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Two-thirds of England to be under toughest COVID-19 measures

Two-thirds of England to be under toughest COVID-19 measures

FILE PHOTO: Staff direct traffic as key workers arrive for a test for the coronavirus at a drive-in testing centre at Glasgow Airport, as the UK continues in lockdown. (Andrew Milligan/POOL/AFP)

LONDON: Large areas of England will be added to the "very high alert" COVID-19 category this weekend, placing residents under the most stringent tier of restrictions to tackle the rising number of infections.

Britain, like other countries, is struggling to tame a second wave of novel coronavirus cases and deaths, and the government finds itself having to defend a plan to relax contact restrictions for five days over Christmas.

Health minister Matt Hancock said cases in the southeast of England were up by 46 per cent in the last week, while hospital admissions were up by more than a third. In eastern England, cases were up by two-thirds, and hospital admissions by nearly half.

"It is therefore necessary to apply Tier 3 measures across a much wider area of the east and southeast of England," he told parliament.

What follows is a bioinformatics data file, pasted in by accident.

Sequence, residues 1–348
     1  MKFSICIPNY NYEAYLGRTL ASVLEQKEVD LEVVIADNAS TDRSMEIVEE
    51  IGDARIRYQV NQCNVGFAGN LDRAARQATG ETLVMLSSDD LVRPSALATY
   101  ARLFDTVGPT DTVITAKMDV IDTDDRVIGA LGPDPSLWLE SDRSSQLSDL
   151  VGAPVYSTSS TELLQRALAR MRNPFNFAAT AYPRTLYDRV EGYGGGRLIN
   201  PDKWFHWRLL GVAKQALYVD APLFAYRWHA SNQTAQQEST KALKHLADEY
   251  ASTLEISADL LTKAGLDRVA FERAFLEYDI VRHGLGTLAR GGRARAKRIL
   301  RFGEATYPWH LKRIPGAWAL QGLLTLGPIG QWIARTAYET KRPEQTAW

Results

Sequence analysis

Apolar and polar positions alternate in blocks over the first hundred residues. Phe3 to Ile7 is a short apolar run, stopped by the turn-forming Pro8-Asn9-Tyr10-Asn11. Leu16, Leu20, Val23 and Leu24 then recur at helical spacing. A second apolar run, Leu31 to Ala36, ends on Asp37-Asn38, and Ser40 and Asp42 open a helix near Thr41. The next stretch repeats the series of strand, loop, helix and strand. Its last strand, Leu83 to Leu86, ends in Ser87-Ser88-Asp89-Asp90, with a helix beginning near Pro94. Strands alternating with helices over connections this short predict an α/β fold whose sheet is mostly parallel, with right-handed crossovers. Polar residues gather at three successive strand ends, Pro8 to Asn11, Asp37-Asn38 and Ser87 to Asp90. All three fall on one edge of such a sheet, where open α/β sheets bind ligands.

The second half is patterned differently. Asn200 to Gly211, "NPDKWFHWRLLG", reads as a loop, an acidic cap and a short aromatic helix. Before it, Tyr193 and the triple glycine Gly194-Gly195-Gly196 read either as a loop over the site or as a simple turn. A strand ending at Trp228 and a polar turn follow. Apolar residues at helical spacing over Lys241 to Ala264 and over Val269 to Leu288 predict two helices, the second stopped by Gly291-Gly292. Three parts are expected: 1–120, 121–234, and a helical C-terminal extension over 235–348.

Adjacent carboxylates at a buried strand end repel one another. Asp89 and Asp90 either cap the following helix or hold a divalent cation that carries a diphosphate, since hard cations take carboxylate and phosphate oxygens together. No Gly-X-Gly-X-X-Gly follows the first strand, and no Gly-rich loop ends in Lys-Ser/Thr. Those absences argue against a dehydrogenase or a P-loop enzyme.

READ: Tighter COVID-19 rules kick in for London as cases mount

READ: New UK COVID cases rise to highest number since mid-November

He said the new measures would be in force from Saturday; a small number of areas had their restrictions eased.

London had already been placed into Tier 3 this week after an emergency review identified a surge in infections.

From Saturday, 68 per cent of England will be in Tier 3 and 30 per cent in Tier 2. Fewer than a million people will be in Tier 1.

The main difference between the top alert levels is that bars and restaurants, must close their doors in Tier 3 and can only operate takeaway services.

There are also additional curbs on socialising in Tier 3, but workplaces and schools are told to remain open.

The government had suggested that family members could travel to visit relatives over Christmas, but is now urging people to keep their celebrations small and local.

The devolved governments of the other nations of the United Kingdom - Scotland, Wales and Northern Ireland - each set their own public health policies, independently of London.

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Source: Reuters/lk


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